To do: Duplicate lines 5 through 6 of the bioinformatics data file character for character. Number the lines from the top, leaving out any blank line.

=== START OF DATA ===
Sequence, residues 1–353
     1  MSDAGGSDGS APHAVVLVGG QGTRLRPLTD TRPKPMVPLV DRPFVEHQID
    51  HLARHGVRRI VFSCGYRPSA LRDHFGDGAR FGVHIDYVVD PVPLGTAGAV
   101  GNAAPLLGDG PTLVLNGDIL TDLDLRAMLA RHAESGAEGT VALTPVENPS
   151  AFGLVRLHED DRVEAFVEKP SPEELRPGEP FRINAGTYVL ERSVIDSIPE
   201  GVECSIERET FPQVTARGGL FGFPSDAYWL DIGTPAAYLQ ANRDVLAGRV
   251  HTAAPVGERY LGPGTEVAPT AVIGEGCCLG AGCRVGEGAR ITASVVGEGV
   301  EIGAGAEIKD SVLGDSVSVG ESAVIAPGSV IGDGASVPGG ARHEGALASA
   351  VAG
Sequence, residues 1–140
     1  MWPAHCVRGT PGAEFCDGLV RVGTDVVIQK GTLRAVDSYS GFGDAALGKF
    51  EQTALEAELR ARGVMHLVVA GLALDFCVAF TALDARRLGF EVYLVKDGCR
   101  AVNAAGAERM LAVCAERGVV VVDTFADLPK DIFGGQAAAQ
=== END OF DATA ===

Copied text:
   151  AFGLVRLHED DRVEAFVEKP SPEELRPGEP FRINAGTYVL ERSVIDSIPE
   201  GVECSIERET FPQVTARGGL FGFPSDAYWL DIGTPAAYLQ ANRDVLAGRV